### Abstract

Polynomial interpolation between large numbers of arbitrary nodes does notoriously not, in general, yield useful approximations of continuous functions. Following [1], we suggest to determine for each set of n + 1 nodes another denominator of degree n, and then to interpolate every continuous function by a rational function with that same denominator, so that the resulting interpolation process remains a linear projection. The optimal denominator is chosen so as to minimize the Lebesgue constant for the given nodes. It has to be computed numerically. For that purpose, the barycentric representation of rational interpolants, which displays the linearity of the interpolation and reduces the determination of the denominator to that of the barycentric weights, is used. The optimal weights can then be computed by solving an optimization problem with simple bounds which could not be solved accurately by the first author in [1]. We show here how to do so, and we present numerical results.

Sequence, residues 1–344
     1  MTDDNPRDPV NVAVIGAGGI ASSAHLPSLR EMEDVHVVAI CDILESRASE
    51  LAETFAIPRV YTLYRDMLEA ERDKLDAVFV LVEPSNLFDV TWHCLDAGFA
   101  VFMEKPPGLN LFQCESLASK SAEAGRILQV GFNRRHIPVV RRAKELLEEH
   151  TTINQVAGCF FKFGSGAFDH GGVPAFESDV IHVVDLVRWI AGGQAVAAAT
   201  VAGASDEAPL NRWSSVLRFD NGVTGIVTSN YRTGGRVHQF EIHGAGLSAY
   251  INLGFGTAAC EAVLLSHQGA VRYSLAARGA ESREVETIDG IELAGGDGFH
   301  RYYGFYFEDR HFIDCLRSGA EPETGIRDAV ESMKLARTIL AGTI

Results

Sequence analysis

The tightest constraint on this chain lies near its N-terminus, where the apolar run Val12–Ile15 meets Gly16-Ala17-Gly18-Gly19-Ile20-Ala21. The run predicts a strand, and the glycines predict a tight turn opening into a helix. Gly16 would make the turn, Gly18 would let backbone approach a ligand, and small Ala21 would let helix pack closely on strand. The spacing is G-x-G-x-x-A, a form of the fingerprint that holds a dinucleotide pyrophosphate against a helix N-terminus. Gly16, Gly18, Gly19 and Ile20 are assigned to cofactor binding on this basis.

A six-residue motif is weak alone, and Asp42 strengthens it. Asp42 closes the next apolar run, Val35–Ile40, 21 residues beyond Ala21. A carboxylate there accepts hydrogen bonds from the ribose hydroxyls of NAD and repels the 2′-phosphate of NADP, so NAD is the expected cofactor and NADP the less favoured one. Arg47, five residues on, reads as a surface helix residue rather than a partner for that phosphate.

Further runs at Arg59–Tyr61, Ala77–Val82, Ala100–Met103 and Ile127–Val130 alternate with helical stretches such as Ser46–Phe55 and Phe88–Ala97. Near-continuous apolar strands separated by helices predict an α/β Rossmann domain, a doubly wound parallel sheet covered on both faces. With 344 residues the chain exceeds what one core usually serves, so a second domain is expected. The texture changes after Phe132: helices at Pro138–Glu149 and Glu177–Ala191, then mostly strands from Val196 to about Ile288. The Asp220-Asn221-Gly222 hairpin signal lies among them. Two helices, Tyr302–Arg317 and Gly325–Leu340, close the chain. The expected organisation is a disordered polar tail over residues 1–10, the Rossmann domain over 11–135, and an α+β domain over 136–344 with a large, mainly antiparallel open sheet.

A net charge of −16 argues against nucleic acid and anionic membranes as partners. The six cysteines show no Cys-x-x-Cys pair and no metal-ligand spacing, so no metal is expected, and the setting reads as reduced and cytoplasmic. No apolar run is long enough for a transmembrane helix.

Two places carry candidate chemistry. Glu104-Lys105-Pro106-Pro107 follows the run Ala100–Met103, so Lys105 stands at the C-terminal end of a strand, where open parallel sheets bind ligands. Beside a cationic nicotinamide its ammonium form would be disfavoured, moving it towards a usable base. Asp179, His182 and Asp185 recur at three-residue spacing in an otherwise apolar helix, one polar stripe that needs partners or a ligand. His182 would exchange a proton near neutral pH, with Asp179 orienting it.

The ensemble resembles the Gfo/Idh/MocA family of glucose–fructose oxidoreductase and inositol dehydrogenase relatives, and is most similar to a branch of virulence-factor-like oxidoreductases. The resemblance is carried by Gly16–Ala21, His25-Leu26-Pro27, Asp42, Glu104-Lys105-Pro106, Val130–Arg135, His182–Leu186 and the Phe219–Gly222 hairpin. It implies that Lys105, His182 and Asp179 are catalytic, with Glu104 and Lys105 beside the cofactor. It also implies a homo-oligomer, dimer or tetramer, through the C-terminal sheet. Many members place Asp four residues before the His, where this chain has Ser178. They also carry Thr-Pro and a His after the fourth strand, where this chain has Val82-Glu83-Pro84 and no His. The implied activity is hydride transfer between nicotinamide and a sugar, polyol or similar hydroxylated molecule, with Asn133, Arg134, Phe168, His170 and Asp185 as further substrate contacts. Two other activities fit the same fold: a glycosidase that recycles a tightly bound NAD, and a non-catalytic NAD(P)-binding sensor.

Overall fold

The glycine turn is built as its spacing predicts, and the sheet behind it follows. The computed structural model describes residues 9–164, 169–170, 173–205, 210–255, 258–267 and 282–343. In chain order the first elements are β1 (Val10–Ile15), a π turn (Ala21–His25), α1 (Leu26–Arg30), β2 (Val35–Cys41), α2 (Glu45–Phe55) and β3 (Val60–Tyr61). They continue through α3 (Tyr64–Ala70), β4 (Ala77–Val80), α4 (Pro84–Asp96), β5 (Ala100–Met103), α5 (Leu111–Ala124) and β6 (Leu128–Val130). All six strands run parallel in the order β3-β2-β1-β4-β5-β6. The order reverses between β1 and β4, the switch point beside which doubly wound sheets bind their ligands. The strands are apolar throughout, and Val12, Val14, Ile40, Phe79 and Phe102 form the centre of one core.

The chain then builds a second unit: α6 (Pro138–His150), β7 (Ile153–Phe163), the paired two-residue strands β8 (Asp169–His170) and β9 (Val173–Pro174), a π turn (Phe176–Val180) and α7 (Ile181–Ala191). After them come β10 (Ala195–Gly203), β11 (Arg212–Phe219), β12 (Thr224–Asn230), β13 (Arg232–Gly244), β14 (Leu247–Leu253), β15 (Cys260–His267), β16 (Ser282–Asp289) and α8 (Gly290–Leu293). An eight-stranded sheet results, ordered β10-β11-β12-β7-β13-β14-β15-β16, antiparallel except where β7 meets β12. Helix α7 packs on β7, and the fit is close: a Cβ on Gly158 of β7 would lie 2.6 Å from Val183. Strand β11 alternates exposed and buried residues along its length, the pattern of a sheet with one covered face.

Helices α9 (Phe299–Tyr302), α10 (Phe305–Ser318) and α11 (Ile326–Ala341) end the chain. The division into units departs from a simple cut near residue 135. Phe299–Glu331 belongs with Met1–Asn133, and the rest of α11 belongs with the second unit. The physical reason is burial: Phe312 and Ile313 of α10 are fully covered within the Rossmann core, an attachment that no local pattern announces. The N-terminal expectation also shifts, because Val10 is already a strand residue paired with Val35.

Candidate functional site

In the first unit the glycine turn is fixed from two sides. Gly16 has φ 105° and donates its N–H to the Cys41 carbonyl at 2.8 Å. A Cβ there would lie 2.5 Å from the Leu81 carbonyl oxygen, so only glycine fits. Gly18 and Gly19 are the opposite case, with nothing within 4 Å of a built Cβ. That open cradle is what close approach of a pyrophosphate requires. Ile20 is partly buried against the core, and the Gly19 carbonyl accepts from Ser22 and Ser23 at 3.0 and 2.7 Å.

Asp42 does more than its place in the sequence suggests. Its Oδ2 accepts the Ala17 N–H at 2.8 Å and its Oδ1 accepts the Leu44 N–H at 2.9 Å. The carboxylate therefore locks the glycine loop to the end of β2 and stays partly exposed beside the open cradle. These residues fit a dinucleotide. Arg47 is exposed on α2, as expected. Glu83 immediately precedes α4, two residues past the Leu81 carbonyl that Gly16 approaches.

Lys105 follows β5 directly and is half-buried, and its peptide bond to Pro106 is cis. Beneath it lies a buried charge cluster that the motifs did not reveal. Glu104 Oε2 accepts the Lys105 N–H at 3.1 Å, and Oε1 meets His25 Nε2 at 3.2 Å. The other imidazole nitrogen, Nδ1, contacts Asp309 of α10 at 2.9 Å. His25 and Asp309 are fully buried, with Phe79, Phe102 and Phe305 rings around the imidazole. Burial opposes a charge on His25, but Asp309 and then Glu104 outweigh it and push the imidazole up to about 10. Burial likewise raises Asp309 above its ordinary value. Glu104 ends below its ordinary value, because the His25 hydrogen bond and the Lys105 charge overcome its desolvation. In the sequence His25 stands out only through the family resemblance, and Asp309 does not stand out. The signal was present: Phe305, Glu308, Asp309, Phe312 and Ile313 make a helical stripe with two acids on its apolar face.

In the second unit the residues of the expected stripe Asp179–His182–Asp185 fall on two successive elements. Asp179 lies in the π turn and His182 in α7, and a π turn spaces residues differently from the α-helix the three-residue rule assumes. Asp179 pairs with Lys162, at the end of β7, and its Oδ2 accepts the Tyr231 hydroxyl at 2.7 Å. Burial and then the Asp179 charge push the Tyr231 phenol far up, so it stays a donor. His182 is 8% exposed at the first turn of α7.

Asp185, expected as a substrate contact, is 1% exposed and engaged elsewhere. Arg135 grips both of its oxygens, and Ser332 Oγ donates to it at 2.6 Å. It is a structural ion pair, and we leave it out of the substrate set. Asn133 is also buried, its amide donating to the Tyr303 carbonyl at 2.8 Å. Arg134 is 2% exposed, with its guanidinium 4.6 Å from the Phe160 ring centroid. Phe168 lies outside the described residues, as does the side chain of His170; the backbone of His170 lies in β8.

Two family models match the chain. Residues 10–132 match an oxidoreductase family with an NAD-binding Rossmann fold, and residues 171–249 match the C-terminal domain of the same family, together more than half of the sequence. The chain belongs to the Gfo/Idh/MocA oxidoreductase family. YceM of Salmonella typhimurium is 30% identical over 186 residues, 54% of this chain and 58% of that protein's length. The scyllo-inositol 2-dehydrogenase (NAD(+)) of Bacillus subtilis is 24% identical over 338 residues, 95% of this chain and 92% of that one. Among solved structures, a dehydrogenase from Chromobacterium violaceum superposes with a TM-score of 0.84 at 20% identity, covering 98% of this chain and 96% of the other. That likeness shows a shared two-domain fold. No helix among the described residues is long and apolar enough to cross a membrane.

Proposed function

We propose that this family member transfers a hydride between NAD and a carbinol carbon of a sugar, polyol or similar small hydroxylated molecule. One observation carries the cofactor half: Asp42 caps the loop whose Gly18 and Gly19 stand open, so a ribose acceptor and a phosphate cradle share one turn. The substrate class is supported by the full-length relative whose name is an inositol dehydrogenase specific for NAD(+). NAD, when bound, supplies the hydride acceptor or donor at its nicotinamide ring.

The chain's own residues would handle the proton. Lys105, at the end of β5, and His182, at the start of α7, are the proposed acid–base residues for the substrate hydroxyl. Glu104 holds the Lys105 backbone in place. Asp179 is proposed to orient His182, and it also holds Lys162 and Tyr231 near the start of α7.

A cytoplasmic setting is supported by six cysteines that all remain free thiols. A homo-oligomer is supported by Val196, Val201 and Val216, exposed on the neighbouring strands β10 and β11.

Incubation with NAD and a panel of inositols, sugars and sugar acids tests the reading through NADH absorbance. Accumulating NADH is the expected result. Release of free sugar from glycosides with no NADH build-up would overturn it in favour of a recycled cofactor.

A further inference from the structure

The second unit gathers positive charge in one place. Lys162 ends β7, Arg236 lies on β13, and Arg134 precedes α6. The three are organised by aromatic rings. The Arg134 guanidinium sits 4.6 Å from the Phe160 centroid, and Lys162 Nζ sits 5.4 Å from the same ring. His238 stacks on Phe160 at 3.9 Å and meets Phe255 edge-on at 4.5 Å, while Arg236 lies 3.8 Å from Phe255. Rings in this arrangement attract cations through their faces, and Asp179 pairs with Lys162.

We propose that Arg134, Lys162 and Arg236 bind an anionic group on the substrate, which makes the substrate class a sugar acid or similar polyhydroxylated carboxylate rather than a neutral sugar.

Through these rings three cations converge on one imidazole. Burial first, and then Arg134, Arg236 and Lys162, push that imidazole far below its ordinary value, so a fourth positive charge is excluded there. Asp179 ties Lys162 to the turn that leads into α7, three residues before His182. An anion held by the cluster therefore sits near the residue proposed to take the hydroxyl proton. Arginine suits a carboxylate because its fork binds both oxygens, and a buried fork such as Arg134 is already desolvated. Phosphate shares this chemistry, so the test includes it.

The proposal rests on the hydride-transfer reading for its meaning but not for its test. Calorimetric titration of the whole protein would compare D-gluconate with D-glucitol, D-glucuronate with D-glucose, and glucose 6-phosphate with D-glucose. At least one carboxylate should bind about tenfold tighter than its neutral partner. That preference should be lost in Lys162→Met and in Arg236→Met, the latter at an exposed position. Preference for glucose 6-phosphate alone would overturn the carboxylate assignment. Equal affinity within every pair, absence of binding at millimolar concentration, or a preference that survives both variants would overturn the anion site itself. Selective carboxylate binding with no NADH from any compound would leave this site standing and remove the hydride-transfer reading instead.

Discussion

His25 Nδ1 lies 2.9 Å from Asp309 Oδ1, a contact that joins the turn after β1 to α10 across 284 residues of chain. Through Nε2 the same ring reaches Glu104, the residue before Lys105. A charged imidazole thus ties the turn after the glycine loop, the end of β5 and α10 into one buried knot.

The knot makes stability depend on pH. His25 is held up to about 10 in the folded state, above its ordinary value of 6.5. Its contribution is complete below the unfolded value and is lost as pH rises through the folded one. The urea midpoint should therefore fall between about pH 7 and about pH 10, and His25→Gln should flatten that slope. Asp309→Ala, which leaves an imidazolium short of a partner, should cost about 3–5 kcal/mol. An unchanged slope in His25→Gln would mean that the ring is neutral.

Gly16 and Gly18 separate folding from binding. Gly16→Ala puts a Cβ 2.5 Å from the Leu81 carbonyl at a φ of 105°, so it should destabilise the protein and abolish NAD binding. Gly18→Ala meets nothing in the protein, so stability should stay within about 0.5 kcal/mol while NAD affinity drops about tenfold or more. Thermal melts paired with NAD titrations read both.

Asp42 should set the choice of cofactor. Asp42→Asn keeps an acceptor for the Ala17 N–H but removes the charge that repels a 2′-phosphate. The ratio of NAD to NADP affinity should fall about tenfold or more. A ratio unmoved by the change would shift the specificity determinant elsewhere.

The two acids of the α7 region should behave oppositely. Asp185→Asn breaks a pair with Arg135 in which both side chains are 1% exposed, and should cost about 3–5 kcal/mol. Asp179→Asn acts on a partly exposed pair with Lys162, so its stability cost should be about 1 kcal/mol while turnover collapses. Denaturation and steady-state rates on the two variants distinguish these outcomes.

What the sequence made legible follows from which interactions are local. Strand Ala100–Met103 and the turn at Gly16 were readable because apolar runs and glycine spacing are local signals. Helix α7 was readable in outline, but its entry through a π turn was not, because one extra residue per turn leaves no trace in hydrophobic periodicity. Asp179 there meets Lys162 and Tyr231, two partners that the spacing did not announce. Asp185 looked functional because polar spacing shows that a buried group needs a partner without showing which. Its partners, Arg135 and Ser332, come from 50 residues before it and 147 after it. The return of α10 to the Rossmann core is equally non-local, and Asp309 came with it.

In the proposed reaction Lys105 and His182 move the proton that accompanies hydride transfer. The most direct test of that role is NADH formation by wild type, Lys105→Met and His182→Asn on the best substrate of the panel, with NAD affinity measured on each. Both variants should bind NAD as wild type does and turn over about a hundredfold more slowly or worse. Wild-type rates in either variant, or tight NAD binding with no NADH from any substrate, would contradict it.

Original language | English (US) |
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Pages (from-to) | 77-86 |

Number of pages | 10 |

Journal | Computers and Mathematics with Applications |

Volume | 33 |

Issue number | 6 |

DOIs | |

State | Published - Mar 1997 |

### Keywords

- Interpolation
- Lebesgue constant
- Linear interpolation
- Rational interpolation

### ASJC Scopus subject areas

- Modeling and Simulation
- Computational Theory and Mathematics
- Computational Mathematics